Several years ago, a service mechanic at a local Honda dealership in Sacramento looked across the service garage and said: “See all those Hondas up on the racks? They’re all just like your wife’s CR-V. Rats have eaten the engine wires.”
I’d taken my wife’s then five-year-old Honda CR-V to the dealership across town for a yet-undiagnosed problem.
Turns out, rats like to keep warm and feast on engine wires, hoses and nearly anything else, particularly if it’s made with Polypropylene.
If you live near a river or a tree-lined area (like Sacramento), the problem is often prevalent. Rats aren’t against eating the wiring other manufacturers’ vehicles, but Honda’s lineup has Polypropylene in some engine parts and it’s a rodents’ delicacy.
Rats also invade car engines for warmth and they leave their droppings. Gnawed wired and rat poop can destroy the wiring in the engine compartment, and it can result in faulty parts or cause fires.
In a recent article by Karin Brulliard in the Washington Post the rats-in-cars issue has resulted in “a half-dozen class-action lawsuits filed against auto manufacturers on claims that today’s eco-friendlier wiring is irresistible to rodents.”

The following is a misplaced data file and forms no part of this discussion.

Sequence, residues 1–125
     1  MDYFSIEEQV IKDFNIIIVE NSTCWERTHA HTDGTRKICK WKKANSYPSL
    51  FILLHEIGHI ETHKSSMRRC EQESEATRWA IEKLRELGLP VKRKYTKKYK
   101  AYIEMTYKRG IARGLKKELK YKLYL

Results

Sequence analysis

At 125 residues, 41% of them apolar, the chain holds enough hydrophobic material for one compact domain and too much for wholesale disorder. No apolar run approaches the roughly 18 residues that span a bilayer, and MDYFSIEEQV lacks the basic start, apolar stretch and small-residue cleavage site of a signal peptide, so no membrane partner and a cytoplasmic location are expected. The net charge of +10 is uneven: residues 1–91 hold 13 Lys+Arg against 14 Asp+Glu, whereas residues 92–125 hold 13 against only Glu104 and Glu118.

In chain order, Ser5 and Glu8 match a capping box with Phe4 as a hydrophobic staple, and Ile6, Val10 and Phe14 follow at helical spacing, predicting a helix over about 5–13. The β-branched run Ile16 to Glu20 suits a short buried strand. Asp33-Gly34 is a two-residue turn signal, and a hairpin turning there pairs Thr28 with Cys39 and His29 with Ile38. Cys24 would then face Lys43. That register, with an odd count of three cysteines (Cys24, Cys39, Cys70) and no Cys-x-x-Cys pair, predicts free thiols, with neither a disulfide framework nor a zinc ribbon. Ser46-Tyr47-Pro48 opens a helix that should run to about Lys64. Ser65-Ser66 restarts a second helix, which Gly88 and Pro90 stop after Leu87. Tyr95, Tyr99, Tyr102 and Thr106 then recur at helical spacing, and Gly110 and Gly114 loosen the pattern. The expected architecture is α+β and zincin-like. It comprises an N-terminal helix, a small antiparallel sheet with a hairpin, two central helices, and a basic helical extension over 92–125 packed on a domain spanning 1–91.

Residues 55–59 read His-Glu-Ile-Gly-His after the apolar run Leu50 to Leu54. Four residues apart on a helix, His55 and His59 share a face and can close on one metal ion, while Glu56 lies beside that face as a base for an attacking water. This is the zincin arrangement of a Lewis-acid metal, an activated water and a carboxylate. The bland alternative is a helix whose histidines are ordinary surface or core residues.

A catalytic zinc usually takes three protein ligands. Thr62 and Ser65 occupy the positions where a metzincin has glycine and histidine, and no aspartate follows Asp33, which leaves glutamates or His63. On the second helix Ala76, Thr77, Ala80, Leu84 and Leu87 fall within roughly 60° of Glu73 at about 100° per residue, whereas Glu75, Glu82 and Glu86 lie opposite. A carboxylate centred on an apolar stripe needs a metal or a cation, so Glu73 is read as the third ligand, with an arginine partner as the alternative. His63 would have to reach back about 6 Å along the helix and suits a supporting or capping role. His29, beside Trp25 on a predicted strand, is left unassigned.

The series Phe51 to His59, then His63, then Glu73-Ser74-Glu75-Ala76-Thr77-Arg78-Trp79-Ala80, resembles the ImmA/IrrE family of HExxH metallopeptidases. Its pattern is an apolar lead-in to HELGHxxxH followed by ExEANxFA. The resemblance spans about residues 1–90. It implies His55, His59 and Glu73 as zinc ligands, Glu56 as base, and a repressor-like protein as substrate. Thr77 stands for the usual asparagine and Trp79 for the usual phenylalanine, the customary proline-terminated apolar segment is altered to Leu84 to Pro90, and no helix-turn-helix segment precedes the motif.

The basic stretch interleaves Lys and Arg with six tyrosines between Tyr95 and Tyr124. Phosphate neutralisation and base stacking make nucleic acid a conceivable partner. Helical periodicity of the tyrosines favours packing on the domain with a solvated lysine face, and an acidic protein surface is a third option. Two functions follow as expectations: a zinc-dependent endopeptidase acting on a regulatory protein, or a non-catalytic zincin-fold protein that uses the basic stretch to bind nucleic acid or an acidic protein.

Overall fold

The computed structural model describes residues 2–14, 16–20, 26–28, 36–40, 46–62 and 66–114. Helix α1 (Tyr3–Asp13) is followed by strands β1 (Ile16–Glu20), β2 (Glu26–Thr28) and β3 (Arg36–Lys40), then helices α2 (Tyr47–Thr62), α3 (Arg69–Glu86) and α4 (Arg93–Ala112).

The American Automobile Association notes modern cars offer a “smorgasbord of treats” for rats.
According to the report in the Washington Post, rats caused a sedan in New York to catch fire. The article stated cars in Florida have been “mutilated” by rats.
The Washington Post detailed the story of San Diego, California, resident David Albin, otherwise known as “Rat King Dave.”
Rats several damaged his Honda Civic, resulting in $2,500 in repairs. Albin’s wife has $9,300 in damage to her Hyundai Sonata, compliments of rats. Albin began the website HowToPreventRatsFromEatingCarWires.com and wrote an e-book “Let’s Get Them Rats!.”
Comprehensive auto insurance typically covers such damage after deductibles are met.
But Albin and others believe there are several methods to deter rats from invading car engines.
The RatMat, an electrified tile system placed under a car, is among several other contraptions for sale on Amazon.com that utilize “ultrasonic” waves and LED flashlights.
Peppermint oils, supposedly offensive to rats, abound as a cure. Honda offers “rodent tape” treated with hot pepper extract to wrap around wires for protection.
And there are plenty of testimonials for success with other products — used cat litter to laundry dryer sheets. And there’s also “Rataway.” It’s a spray recommended for use on engine wiring.